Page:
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By now you’ve likely heard about the inexplicable mix of joy and anger coming by way of the Supreme Court of the United States. It depends which side of the polarizing abortion issue that you are on as to whether you’re the one experiencing the deep and abiding elation or the epic levels of angst. But to be honest there is an odd mix of both and on both sides.

Personally, I am elated to think that we may be on the brink of seeing the abortion industry dealt a blow from which it may not recover. What an amazing thing to think that in my lifetime was both the enactment of Roe v. Wade and its abolition of states’ rights on the question of life and - very likely now - the reversal of that landmark decision to once again afford life to the unborn in every state that chooses to enshrine life as a sacred thing. So yes, in that regard I join the millions of Americans that are waiting to see if the Roe decision is truly going to be officially reversed.

By contrast, the angst is heavy, even palpable, on the left side of the political spectrum. So much so that barricades were put around the Supreme Court building on Day One. Despite admonitions that it may in fact be illegal, leftists have been protesting at the personal residences of the Supreme Court Justices in an obvious effort to intimidate the Judicial Branch into changing their opinions. The Biden Administration has effectively encouraged these acts. Alabama’s Attorney General Steve Marshall recently led a group of 23 State Attorneys General in pressing for US Attorney General Merrick Garland to ensure the safety of the Justices and the sanctity of the Supreme Court.

The opposite emotions are true for the manner and means by which we got the information. The actual circumstance that is generating all of the turmoil was that a leaked copy of a draft opinion made it out of the Supreme Court’s hallowed and allegedly leak-resistant walls to a left-leaning news outlet (Politico). This is not just a breakdown in the good order and discipline of one of the three branches of government. This is a potential breakdown in law and order. These rulings are sacrosanct in their formation and, regardless of the fact that I am rejoicing over what appears to be a potential victory in the coming opinion of the Court, I am equally disturbed by the breach of confidentiality.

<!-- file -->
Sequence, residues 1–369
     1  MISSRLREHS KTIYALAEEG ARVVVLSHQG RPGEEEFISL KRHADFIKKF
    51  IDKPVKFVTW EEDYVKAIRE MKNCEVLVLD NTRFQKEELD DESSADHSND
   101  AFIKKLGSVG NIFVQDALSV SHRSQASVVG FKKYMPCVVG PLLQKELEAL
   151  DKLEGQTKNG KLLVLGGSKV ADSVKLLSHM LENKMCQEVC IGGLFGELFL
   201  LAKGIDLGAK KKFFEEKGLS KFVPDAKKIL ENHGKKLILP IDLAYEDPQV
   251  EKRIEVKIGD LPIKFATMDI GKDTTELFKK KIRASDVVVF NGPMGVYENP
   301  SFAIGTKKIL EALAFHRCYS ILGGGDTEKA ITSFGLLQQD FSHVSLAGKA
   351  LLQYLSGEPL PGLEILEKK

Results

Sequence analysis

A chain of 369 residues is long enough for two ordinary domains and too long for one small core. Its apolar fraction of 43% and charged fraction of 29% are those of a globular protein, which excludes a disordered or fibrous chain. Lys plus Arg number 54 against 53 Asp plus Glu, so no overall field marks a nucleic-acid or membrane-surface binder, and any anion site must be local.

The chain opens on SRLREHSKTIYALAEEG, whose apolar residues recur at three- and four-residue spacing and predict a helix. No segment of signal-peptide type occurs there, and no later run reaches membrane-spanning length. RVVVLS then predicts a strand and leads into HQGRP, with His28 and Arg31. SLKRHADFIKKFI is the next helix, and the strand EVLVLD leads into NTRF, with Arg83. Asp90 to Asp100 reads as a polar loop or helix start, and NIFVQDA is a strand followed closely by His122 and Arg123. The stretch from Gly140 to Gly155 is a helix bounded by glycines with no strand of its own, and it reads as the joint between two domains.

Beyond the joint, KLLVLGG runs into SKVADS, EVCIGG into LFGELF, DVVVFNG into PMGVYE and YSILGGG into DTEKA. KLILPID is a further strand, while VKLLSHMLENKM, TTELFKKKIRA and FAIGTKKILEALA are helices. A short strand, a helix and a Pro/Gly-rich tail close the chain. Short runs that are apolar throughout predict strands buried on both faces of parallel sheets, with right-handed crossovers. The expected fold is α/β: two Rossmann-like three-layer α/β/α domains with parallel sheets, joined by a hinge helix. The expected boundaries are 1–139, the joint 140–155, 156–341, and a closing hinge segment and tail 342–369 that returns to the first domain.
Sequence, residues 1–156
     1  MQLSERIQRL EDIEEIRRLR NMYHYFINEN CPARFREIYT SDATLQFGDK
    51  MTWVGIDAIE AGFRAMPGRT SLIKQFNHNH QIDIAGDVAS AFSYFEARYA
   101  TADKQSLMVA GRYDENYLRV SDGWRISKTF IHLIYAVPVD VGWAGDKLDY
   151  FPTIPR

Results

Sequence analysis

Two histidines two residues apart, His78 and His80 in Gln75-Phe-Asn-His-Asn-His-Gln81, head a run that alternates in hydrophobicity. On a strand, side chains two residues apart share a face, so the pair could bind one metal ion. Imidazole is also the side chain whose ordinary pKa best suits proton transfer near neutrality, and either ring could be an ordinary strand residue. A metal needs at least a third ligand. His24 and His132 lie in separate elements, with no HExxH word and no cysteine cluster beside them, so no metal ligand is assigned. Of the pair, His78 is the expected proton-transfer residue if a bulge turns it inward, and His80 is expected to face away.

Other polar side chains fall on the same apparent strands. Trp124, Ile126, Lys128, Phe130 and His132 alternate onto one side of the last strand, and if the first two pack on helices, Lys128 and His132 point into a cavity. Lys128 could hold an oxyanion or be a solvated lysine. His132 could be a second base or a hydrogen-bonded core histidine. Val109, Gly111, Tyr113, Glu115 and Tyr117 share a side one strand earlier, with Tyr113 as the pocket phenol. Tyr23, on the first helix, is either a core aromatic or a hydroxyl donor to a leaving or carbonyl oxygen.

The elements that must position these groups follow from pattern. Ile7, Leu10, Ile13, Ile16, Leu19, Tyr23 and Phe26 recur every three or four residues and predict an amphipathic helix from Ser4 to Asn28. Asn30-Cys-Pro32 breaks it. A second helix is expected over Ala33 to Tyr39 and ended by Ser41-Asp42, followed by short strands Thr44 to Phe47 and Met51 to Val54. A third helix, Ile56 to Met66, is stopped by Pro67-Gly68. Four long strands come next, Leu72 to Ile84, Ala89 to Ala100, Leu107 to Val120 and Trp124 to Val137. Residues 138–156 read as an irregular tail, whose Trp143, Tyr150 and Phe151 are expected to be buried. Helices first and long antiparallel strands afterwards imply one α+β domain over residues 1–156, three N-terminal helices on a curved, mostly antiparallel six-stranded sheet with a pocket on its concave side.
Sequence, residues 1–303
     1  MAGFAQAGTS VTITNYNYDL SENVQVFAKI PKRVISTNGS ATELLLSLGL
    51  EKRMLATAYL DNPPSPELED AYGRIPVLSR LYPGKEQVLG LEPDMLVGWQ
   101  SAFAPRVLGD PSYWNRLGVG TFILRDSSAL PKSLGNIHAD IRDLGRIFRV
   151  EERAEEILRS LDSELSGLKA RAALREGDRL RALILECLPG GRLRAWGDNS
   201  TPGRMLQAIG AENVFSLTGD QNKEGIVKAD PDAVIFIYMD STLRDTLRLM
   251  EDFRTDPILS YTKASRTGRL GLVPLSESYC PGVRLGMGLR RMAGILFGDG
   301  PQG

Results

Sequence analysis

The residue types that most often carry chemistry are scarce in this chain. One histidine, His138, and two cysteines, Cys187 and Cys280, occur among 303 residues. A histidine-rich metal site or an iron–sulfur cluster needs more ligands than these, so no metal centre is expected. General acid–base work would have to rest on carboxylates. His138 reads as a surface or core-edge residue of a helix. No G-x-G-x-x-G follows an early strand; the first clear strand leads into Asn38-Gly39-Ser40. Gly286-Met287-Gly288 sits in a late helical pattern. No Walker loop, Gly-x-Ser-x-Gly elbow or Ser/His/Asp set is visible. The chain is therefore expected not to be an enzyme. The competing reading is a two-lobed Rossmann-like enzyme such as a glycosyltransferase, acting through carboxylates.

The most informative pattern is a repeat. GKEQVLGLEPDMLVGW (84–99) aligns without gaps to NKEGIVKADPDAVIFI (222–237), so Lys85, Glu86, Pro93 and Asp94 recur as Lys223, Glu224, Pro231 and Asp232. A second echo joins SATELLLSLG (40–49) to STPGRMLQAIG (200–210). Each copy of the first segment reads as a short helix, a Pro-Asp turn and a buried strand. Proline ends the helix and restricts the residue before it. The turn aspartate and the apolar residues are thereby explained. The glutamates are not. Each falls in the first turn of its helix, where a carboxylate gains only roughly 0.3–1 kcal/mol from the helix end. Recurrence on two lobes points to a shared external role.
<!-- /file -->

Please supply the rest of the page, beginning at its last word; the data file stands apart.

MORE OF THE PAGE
Supreme Court Justice Clarence Thomas addressed this issue most recently. In doing so he stated, “I do think that what happened at the court is tremendously bad… I wonder how long we’re going to have these institutions at the rate we’re undermining them.” Justice Thomas went on to liken the breach to an infidelity in a marriage, saying, “You can explain it, but you can’t undo it,” and stating further that this violation of trust has the potential to “change the institution fundamentally.” Sobering words from a man in the arena.

I understand the value of confidentiality and the security required to process matters of great national importance. When I was in the service, I had an extremely high security clearance. When I worked in the Pentagon, I was required to attend training and sign documents allowing me to work on classified matters. It was called being “read on,” meaning that I was read on to the details and the gravity involved with maintaining the sanctity of the project. When my tour inside the beltway was complete, I was “read off,” meaning that I was disavowed of any further opportunity to interact with the project. The person who conducted my “read off” ended our time by saying, “If you ever write a book, we have to read it first.”

It’s like the scene from that old weird movie from the late 90’s with Brad Pitt and Edward Norton called “Fight Club.” There was one line that has become part of our pop culture, when the antagonist said “the first rule of fight club is no one talks about fight club.”

Well, supposedly the first rule of working for the Supreme Court of the United States is that no one talks about the opinions of the Justices except the Justices themselves.